Anyone who has kitesurfed North Norfolk’s beaches knows they are among the safest and most beautiful in the country.
Kitesurfing is a very environmentally friendly sport and those who pursue it generally have a deep understanding and respect for mother nature.
Please take time to read these club safety guidelines before heading to the beach.
Stop! Before you go anywhere near the beach are you properly insured? Every kitesurfer in this country should have 3rd party liability insurance from either the BKSA or from a recognised provider. The insurance is very cheap and covers you for damages to 3rd parties to the value of £5m. There is no excuse for not having adequate insurance.
Launching an oversize kite for the conditions can have serious consequences before you’ve even got near the water.
If you’re going to ask someone who’s already been out ‘what size are you on?’ – just bear in mind their weight, ability level and whether they are the sort of person who likes to ride ‘maxed out’. Best advice is to go with a smaller size and change up later if necessary.
Remember also – you’ve got a depower strap! The most dangerous time for a kitesurfer is the transition to and from the water. Make sure you’ve pulled in your depower strap while on land, then power back up once safely in the water.
Also check the forecast before going out – is the wind forecast to pick up or change direction later? Forewarned is forearmed.
Over the years – launching of the kite has often proved to be one of the most ‘high-risk’ procedures. Good habits to get into include:
- Think about your launch spot. Most of our beaches have agreed launch/land areas. Please use them. Ensure there is nothing downwind of you (rocks, groynes etc.). If a passer by is walking downwind of your kite please wait for them to pass. They will not understand the danger of their position so it is up TO YOU to avoid them.
- Use the agreed hand-signals to your assistant rather than shouting instructions – i.e. ‘thumbs-up’ for launch, ‘throat-cutting motion’ for cancel / do not launch.
- Always have one hand ready on your quick release mechanism during launch – and if anything seems wrong while launching – USE IT!!!
- Distance is your friend. Whether it’s hard-obstacles, fellow kiters or other beach users downwind of you – always allow plenty of room. 3 line-lengths is a good rule of thumb. The greater the distance, the greater the number of seconds you’ll have to react should things not go to plan.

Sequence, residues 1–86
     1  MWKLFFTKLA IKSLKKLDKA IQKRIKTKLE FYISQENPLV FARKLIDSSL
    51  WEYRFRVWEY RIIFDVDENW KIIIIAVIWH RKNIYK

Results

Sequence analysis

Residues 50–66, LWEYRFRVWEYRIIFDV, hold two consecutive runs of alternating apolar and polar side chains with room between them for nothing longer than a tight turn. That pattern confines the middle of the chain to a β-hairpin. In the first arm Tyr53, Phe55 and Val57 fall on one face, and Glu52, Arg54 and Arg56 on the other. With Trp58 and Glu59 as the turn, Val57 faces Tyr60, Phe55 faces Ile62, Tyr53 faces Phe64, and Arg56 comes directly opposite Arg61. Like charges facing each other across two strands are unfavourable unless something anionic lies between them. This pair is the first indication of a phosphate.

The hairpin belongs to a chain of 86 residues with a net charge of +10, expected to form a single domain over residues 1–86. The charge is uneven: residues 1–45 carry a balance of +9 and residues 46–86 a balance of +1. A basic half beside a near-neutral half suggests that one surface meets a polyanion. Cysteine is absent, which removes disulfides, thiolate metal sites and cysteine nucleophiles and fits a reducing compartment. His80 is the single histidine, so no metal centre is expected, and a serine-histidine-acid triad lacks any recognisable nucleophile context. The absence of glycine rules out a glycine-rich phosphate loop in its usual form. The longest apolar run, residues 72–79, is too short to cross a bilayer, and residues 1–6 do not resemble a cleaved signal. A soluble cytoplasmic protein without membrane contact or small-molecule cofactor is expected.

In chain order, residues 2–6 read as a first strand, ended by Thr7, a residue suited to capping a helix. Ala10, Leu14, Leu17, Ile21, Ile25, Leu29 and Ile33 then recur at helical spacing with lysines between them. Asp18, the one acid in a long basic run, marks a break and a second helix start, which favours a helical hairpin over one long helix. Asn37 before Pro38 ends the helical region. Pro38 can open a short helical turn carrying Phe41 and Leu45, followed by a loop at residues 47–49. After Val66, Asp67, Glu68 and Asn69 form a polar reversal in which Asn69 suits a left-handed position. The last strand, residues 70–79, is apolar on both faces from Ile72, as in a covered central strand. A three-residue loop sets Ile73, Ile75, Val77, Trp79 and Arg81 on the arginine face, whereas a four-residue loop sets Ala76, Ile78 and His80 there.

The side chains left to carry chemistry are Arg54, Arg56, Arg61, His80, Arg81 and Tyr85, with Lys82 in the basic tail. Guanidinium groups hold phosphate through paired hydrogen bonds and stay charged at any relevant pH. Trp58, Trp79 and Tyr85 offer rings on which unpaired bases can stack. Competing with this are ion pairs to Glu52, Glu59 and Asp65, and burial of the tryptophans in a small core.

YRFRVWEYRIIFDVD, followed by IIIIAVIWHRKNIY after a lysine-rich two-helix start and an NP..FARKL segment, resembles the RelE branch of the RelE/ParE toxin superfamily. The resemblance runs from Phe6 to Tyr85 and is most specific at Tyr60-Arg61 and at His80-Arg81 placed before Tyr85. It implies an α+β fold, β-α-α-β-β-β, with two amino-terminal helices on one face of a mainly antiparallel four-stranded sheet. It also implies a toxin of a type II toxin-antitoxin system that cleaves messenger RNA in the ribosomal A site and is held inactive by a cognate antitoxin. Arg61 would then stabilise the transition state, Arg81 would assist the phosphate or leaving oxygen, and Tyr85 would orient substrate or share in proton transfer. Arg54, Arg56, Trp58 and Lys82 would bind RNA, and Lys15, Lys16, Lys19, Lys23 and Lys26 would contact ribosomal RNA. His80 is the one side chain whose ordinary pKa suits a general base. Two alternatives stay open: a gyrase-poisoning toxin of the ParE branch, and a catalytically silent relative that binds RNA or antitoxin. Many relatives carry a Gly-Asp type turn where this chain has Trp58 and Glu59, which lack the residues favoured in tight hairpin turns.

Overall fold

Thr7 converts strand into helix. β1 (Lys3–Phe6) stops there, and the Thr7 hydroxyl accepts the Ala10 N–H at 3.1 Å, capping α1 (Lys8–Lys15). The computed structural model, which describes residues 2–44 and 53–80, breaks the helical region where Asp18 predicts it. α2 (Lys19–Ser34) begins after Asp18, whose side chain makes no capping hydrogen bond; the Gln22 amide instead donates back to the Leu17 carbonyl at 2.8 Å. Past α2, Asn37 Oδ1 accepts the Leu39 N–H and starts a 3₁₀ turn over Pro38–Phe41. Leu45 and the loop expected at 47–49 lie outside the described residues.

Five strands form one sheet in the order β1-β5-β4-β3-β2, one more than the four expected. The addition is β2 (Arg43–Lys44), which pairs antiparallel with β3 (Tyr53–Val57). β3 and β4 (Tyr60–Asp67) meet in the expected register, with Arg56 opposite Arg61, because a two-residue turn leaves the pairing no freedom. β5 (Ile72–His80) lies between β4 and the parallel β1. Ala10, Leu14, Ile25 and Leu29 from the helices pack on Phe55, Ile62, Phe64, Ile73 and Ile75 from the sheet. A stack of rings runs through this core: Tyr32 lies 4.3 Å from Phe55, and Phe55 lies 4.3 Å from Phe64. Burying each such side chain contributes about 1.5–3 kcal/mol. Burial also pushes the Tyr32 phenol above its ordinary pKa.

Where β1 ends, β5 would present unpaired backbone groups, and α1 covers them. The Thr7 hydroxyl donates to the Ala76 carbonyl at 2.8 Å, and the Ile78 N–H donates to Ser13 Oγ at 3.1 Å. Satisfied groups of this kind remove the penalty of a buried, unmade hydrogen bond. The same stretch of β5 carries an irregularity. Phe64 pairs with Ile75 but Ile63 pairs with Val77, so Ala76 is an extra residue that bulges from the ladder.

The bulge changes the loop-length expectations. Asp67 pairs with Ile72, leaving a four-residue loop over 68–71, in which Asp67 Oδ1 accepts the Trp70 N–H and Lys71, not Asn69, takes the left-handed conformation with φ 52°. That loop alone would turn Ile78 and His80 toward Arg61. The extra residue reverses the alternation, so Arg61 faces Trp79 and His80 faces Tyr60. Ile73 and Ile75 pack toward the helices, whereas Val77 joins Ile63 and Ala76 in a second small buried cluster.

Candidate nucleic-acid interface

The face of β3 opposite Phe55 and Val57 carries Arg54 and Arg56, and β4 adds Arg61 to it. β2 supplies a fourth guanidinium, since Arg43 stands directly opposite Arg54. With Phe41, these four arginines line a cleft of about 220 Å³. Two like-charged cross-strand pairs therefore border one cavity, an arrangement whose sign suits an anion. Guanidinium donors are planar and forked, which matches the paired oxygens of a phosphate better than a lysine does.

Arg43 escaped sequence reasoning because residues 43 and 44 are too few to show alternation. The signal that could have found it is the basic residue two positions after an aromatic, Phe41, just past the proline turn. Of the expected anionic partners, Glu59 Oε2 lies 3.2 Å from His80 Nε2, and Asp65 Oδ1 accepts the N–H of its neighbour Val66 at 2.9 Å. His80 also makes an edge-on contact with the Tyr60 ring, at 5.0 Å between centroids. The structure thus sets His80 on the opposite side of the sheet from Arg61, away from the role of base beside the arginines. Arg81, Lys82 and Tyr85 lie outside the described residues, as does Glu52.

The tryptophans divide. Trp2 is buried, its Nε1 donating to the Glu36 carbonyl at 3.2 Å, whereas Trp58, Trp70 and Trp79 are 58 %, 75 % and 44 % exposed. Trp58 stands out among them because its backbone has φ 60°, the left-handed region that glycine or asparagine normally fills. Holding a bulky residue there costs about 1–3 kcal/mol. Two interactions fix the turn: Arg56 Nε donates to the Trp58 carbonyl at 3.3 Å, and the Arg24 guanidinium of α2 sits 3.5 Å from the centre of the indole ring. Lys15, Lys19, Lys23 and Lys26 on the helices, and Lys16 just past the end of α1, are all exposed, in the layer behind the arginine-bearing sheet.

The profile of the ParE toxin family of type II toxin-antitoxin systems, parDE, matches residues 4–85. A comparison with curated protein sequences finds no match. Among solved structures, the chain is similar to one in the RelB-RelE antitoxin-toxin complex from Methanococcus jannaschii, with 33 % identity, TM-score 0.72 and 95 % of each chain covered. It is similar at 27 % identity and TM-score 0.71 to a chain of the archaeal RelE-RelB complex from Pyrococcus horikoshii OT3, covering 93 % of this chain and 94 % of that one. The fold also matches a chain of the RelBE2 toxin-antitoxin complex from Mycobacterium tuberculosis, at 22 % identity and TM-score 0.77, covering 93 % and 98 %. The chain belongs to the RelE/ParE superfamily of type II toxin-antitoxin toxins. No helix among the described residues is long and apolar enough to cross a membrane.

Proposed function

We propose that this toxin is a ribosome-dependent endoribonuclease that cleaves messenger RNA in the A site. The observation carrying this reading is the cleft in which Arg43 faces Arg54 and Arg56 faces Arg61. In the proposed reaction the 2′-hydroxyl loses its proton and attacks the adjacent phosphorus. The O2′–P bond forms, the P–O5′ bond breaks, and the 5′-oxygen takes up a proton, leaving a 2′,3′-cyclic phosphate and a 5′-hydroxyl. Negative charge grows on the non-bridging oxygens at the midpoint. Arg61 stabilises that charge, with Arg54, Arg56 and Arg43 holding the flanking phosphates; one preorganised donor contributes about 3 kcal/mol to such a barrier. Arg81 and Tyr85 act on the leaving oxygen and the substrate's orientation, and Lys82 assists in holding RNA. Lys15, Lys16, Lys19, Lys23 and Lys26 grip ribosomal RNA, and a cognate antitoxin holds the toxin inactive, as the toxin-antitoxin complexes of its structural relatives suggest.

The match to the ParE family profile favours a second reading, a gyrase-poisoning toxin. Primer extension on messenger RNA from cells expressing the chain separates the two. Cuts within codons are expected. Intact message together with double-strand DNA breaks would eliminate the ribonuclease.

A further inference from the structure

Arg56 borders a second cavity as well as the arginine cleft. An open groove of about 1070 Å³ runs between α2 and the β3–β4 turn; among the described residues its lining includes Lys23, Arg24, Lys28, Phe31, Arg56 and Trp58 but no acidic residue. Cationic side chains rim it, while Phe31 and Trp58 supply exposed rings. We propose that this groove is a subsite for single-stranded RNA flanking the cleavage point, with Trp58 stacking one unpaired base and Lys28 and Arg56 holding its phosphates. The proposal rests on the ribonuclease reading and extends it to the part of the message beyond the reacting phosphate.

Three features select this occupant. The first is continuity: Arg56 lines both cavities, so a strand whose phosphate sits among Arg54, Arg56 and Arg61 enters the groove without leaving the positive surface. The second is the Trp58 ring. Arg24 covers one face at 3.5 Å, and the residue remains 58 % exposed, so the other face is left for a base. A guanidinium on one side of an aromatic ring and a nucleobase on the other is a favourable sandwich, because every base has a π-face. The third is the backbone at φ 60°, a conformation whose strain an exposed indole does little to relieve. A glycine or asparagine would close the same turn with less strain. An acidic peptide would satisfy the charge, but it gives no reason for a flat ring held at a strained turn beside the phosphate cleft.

- Make sure your launch assistant knows what they are doing. If a non-kitesurfing friend or relative is launching you make sure that you brief them thoroughly beforehand. They need to know the signals for launch (thumb up signal) and abort (cut throat signal); how to hold the kite correctly; where to stand and how and when to let go of the kite. When launching and landing kites make sure that your assistant knows not to grab the lines.
- Get to the water quickly. After launching don’t hang about on the beach. Get to the water as soon as you can. Specifically, don’t swing your kite around at the 12 o’clock position. You could easily be lofted by a gust of wind.
Everyone needs a kite buddy! Never kitesurf alone and when kiting with others always introduce yourself to a few people around you and ask them to look out for you. There may be plenty of people on the water but if no-one is specifically watching your back you could get into difficulty and find that you go unnoticed.
Know Your Kit
This is VERY important: Practice water relaunching your kite in shallow water and progress to practicing in deeper water so that when you have to relaunch 50m out to sea everything will be second nature. It’s amazing how many people do not know how to relaunch their kite properly.
Know your safety system. Again, try this out in the shallows. Practice using your first level safety release and re-assembly.